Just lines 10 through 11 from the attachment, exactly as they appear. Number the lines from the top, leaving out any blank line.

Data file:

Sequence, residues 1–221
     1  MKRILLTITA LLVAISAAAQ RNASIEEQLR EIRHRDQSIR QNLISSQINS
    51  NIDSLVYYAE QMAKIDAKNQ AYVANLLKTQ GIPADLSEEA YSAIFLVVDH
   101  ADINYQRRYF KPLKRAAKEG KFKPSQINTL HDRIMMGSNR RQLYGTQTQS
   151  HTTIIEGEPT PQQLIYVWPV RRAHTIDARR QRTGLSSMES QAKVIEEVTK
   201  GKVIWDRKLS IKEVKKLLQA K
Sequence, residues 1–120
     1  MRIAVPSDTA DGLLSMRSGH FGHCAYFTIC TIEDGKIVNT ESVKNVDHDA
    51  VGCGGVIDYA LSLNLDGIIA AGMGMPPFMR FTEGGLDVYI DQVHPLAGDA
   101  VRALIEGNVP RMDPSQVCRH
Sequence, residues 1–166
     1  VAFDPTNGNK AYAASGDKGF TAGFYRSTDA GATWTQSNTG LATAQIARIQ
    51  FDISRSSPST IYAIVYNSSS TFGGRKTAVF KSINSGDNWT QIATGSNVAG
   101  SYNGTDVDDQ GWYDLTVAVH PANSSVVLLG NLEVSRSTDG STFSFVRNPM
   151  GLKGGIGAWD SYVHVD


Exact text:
   101  VRALIEGNVP RMDPSQVCRH
Sequence, residues 1–166